> power to explode.
> There's methodological significance here, as Harre and Madden emphasize by
> recounting the story of Moliere's imaginary invalid:  opium puts people to
> sleep because it has a "virtus dormitiva."  Put a Humean on the case:
> "Following Hume's account of the empirical meaning of a causal statement,
> the man who wanted to know more about the action of powerful particulars,
> say soporifics, could proceed only by collecting more cases of similar
> phenomena until he had enough to convince himself of the lawfulness of the
> statement of concomitance -- for example, had formed the psychological
> of expecting drowsiness to follow ingestion of opium."
> It's been done in social science.
> On the other hand, given a robust realist account of causation a scientist
> "will not collect further statistics but begin[] an exhaustive chemical
> anlaysis of the potent entity, trying to find out what sort of stuff it
> i.e. what its nature is.  Then he tries to follow it through the body
> ingestion and tries to ascertain how it acts upon the central nervous
> system, the higher centers, and so on.  He undertakes quite a different
> of investigation from the strict Humean.  He does what scientists actually
> do." (Causal Powers 91).
> In other words, looking for a "virtus dormitiva" is better science, and,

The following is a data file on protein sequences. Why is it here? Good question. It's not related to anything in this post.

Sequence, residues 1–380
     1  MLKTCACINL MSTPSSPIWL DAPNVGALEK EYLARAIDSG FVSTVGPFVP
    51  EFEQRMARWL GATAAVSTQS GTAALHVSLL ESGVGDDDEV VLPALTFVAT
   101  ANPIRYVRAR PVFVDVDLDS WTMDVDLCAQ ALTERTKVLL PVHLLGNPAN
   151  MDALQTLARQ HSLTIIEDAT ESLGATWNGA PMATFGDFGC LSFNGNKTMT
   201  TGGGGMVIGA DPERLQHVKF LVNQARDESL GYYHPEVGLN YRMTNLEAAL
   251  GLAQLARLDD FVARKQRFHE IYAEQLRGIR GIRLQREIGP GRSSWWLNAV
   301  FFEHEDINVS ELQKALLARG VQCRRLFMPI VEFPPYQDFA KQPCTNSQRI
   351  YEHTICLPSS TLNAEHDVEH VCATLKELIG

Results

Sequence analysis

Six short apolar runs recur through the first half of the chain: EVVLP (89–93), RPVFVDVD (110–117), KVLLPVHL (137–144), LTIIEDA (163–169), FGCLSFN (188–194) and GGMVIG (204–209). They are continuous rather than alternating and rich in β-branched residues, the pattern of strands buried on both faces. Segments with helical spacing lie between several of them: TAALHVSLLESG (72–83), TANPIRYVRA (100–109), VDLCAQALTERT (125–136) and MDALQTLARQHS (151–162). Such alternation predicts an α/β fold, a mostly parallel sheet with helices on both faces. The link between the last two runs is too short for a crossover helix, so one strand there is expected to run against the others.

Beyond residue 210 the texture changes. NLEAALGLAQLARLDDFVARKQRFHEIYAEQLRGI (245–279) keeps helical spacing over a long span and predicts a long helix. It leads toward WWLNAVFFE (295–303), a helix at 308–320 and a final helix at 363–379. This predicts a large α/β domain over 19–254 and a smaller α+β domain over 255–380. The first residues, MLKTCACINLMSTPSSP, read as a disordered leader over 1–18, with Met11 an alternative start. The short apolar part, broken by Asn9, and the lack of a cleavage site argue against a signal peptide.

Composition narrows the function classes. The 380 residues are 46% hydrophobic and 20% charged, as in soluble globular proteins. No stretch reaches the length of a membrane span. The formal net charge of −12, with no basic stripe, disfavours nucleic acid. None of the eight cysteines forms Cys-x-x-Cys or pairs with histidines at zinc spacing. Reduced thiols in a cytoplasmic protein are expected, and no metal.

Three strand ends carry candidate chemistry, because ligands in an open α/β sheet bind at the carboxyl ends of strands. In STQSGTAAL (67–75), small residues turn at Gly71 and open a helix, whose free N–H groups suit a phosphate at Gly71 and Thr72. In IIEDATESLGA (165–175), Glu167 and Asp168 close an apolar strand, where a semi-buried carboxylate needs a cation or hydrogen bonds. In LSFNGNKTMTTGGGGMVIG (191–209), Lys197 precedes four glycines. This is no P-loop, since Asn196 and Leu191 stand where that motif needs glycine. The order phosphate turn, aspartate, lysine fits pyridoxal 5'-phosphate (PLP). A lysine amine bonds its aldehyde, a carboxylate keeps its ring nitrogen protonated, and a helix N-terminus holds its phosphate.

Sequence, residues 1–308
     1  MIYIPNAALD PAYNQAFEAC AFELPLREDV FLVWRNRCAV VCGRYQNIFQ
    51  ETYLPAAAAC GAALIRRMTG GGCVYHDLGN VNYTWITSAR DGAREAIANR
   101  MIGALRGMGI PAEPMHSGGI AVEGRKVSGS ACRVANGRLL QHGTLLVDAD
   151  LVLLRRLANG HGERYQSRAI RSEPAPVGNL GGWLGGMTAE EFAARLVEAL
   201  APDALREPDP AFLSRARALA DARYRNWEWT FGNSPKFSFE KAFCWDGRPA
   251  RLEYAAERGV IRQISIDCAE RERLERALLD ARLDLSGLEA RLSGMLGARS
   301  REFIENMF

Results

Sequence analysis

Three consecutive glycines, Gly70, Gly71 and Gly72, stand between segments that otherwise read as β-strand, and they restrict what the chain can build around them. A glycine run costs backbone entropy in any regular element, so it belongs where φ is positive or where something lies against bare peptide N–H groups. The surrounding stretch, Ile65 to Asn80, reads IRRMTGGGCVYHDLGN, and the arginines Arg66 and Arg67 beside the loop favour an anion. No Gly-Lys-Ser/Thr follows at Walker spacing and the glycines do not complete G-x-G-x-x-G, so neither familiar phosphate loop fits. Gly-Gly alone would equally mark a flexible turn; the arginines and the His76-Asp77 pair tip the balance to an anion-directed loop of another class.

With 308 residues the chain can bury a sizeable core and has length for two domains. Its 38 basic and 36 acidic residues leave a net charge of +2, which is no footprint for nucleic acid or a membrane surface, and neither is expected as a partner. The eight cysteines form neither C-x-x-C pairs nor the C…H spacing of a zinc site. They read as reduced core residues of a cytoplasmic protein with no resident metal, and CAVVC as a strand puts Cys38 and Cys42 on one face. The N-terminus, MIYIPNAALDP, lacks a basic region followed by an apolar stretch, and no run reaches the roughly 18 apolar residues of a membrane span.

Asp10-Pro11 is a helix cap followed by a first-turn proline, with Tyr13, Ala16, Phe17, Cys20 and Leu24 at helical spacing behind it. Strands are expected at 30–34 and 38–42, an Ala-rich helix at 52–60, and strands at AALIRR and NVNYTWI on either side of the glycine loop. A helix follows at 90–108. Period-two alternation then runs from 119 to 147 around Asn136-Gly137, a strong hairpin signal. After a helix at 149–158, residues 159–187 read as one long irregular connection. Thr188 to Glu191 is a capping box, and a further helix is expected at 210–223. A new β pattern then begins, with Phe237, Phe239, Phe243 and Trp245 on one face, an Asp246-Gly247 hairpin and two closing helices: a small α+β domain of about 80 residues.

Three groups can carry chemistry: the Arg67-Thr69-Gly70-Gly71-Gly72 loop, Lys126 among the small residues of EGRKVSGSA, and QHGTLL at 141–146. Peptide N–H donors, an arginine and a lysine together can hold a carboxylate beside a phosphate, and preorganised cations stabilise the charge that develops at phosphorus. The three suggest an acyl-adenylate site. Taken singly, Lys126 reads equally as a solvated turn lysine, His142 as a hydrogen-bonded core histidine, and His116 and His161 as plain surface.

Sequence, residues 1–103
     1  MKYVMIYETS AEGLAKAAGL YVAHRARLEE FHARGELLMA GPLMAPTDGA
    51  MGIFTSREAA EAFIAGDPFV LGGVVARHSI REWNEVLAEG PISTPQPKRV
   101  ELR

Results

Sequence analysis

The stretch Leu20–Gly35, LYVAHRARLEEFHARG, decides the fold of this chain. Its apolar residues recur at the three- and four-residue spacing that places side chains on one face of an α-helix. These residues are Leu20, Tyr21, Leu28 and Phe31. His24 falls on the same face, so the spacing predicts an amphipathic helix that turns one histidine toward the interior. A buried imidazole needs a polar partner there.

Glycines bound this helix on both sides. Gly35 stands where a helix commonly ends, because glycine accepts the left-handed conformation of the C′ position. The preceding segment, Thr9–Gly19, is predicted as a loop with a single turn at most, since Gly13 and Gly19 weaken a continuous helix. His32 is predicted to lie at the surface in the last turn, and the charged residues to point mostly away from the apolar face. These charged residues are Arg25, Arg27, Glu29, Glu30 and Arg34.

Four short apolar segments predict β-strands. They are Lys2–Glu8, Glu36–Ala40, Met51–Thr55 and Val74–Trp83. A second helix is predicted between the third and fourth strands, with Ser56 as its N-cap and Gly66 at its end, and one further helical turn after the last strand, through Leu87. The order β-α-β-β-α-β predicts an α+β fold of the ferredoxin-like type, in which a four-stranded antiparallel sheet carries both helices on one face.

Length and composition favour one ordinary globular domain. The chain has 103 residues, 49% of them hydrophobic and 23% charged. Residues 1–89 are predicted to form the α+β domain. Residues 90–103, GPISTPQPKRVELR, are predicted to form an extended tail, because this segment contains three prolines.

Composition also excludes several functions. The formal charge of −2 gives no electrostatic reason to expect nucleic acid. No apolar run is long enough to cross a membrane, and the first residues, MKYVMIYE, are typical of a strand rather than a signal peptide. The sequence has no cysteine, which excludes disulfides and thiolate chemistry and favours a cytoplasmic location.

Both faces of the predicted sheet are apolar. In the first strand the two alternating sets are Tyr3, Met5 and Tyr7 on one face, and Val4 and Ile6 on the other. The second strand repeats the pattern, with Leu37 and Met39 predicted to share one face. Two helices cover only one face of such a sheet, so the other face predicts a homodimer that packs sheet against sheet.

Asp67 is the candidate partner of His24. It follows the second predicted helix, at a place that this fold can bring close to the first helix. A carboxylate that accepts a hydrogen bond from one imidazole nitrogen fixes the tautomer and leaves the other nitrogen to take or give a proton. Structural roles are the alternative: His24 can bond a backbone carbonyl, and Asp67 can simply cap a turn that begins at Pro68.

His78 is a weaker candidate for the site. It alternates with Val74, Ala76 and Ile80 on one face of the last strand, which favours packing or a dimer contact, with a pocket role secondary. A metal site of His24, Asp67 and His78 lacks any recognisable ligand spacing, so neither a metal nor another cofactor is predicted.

> the way, which approach did Marx follow?
> Richard Boyd is another contemporary philosopher of science who provides a
> sustained and satisfying critique of Hume based on the practices of
> "There is indeed considerable evidence that almost all the significant
> features of the methodology of recent science rest ultimately upon
> of unobservable causal powers and mechanisms (cites omitted), and thus
> the empiricist reservations about experimental knowledge of unobservable
> causal powers and mechanisms are profoundly mistaken."  The basic idea is
> that scientists actually do posit causal structures and processes and
> relying on the best background theories available to them, design
> experiments and explanations.  The success of the endeavor is good
> for the structures and processes proposed, whether unobservable or not.
> ((Boyd, "Observations, Explanatory Power, and Simplicity:  Toward a
> Non-Humean Account.")
> The Boyd and Cartwright articles can be found in Philosophy of Science
> (1991) edited by Boyd, Gasper and Trout.
> Value is an unobservable causal structure, and Marx, economics or social
> science more generally without cause makes less sense of the world than we
> can afford.  So getting past Hume's legacy is important for us.
> Howard
> ----- Original Message -----
> From: "Rakesh Bhandari" <rakeshb@STANFORD.EDU>
> Sent: Friday, November 14, 2003 1:15 PM
> Subject: Re: [OPE-L] Hume (just citations)
> > Interesting discussion underway.
> >
> > On a Marxist theory of causality, see Anjan Chakrabarti and Stephen
> Cullenberg
> > Transition and Development in India, pp. 31ff
> >
> > On Althusser's distinction between transitive and expressive causality,
> see
> > Robert Paul Resch Althusser and the Renewal of Marxist Social Theory.
> >
> > Rakesh

This archive was generated by hypermail 2.1.5 : Sun Nov 16 2003 - 00:00:01 EST